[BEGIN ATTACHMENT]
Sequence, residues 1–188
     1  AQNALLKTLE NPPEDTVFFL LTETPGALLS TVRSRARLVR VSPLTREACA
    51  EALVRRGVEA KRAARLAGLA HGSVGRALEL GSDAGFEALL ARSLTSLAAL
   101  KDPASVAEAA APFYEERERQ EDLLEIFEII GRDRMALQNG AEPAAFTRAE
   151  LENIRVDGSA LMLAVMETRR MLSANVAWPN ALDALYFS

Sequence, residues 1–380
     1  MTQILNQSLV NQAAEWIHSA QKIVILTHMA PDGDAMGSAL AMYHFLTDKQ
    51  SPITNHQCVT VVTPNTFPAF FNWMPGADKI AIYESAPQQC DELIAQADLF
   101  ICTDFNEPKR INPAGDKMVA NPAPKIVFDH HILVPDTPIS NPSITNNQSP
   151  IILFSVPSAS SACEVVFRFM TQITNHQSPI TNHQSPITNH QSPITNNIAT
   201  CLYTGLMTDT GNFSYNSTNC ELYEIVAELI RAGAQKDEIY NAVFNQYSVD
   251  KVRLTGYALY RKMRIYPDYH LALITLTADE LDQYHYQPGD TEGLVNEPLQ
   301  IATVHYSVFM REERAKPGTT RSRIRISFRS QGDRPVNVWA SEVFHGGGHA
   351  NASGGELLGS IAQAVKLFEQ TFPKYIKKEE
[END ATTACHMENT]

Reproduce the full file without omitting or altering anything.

Sequence, residues 1–188
     1  AQNALLKTLE NPPEDTVFFL LTETPGALLS TVRSRARLVR VSPLTREACA
    51  EALVRRGVEA KRAARLAGLA HGSVGRALEL GSDAGFEALL ARSLTSLAAL
   101  KDPASVAEAA APFYEERERQ EDLLEIFEII GRDRMALQNG AEPAAFTRAE
   151  LENIRVDGSA LMLAVMETRR MLSANVAWPN ALDALYFS

Sequence, residues 1–380
     1  MTQILNQSLV NQAAEWIHSA QKIVILTHMA PDGDAMGSAL AMYHFLTDKQ
    51  SPITNHQCVT VVTPNTFPAF FNWMPGADKI AIYESAPQQC DELIAQADLF
   101  ICTDFNEPKR INPAGDKMVA NPAPKIVFDH HILVPDTPIS NPSITNNQSP
   151  IILFSVPSAS SACEVVFRFM TQITNHQSPI TNHQSPITNH QSPITNNIAT
   201  CLYTGLMTDT GNFSYNSTNC ELYEIVAELI RAGAQKDEIY NAVFNQYSVD
   251  KVRLTGYALY RKMRIYPDYH LALITLTADE LDQYHYQPGD TEGLVNEPLQ
   301  IATVHYSVFM REERAKPGTT RSRIRISFRS QGDRPVNVWA SEVFHGGGHA
   351  NASGGELLGS IAQAVKLFEQ TFPKYIKKEE